Aspen’s Barry Smith works up a comedy about his working life
December 2, 2010
ASPEN – We’ve all had forgettable jobs, the ones that never appear on the resume, and that we pray don’t show up on a Google search: Cleaning out something disgusting. Any job that required wearing a stupid uniform. Getting paid under the table by that weirdo down the street for an activity of dubious legality. Delivering Domino’s pizza in your college town (until an order came in from your ex-girlfriend’s address).
And then there’s Barry Smith. My, yes, he’s had plenty of jobs – by his count, 35 of them in his 44 years, including videographer, juggler, houseman, sewage system cleaner, shockingly underage bartender (and let’s not forget Aspen Times columnist). But not one of them has been forgettable, not even remotely. In Barry Smith’s world, nothing is forgotten.
Among the Aspenite’s longer-lasting, and more enjoyable and fruitful jobs has been as a writer and performer of one-man, multi-media shows that rely heavily on his obsession with documenting every experience he’s had, and saving every artifact, record and memento of his past. So when Smith makes onstage mention of his mother’s funeral, you can count on a power point image of the official funeral book, documenting who was in attendance, who remembered her with flowers, who sent a telegram. To prove just how deep the obsession runs, he has a 36-year-old audio tape of him speaking into a cassette recorder.
Smith’s latest trip down OCD-tinged memory lane is a tour through his working life. “Every Job I’ve Ever Had” recounts in exacting visual detail, his years as an A/V guy, his weeks as a newspaper reporter, and his one night as a security guard. And when Smith tells you that he was once a California state-certified photocopier, you better believe he still has the certification card to prove it.
The show, Smith’s fourth performance piece, grew out of a rough piece he did in 2006 at Steve’s Guitars in Carbondale, “Confessions of an A/V Guy.” “Then I realized being an A/V guy wasn’t enough to carry a whole show. And that I’d had a lifetime of strange jobs,” said Smith, whose previous shows included “Jesus in Montana: Adventures in a Doomsday Cult,” and “Me, My Stuff and I.” (Currently in the works: “Before and After,” which will have him revisiting photos from his childhood in Mississippi, and then restaging the photos.)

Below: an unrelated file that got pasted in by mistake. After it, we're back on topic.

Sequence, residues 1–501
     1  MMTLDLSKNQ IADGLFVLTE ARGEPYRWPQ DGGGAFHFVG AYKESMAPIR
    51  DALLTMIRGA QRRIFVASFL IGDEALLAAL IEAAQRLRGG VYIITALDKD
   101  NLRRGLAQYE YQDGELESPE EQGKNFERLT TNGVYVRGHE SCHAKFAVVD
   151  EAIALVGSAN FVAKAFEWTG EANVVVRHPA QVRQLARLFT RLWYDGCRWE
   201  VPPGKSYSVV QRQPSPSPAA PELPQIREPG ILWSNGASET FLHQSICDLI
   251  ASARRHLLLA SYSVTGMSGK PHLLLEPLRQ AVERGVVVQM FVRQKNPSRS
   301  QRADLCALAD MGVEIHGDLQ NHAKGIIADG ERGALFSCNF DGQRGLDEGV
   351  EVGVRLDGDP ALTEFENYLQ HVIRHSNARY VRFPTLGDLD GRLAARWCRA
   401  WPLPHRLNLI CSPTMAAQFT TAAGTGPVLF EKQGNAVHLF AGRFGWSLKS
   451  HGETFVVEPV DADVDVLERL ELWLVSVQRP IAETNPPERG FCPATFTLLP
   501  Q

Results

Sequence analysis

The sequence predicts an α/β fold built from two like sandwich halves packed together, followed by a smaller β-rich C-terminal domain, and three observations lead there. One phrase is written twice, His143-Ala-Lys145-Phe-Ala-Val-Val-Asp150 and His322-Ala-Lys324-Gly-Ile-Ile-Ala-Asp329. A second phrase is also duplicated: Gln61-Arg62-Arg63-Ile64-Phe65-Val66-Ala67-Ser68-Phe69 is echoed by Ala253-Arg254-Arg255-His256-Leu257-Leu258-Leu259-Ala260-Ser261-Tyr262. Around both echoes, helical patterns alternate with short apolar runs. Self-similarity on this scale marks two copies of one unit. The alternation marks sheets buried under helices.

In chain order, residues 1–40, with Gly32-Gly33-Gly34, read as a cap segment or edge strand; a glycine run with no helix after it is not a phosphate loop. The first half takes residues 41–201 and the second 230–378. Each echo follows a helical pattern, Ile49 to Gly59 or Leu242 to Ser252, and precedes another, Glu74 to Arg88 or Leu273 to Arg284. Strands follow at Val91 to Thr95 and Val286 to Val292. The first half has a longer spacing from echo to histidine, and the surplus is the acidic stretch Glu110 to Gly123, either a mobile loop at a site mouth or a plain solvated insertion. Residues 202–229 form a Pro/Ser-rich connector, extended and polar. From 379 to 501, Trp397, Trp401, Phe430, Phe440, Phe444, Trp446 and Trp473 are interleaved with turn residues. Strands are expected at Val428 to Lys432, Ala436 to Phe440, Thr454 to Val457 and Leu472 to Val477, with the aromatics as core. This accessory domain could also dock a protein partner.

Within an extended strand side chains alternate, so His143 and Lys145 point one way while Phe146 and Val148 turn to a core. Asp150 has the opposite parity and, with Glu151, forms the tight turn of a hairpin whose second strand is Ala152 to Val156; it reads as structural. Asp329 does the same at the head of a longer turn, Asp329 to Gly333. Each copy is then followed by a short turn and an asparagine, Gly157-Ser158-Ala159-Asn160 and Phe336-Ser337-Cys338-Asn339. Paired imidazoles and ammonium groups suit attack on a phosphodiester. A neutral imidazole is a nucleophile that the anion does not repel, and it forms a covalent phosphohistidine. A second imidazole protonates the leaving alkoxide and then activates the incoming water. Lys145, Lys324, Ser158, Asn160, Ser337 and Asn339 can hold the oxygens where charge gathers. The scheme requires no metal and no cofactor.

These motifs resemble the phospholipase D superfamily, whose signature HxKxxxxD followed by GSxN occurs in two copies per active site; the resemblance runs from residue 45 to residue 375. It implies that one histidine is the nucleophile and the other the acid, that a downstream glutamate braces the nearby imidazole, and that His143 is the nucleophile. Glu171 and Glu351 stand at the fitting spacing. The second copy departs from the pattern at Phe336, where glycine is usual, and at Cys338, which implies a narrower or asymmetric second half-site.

“Every Job I’ve Ever Had” was workshopped at Steve’s before debuting in June at the Ottawa Fringe Festival, then having additional dates at the Vancouver Fringe Festival. It has its Aspen debut on Thursday, Dec. 9, at the Wheeler Opera House. Over green tea and a conspicuous shortage of baked goods to accompany that tea one afternoon at his West End residence, Smith talked jobs, and the documentary evidence he has saved from them.
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• Fantasy jobs: “I used to think sleep research volunteer would be good. Getting paid to sleep – a great gig. But getting paid to show people your funny old pictures – that’s certainly on the list.
“And my ultimate fantasy job – one of those healing televangelists. I know people are disgusted by them, but I think it’s the ultimate theater experience. And you get to hit people with your jacket, smack them in the head, in the name of Jesus. How cool would that be? People lining up to be smacked in the head by you.”
• The Jobs He Didn’t Get: Picking litter at the 1989 Glastonbury Festival, in the U.K. “I was passed over. Didn’t have the right stuff,” Smith said. “I’m not sure what part of my resume let them know I wasn’t ready to pick litter.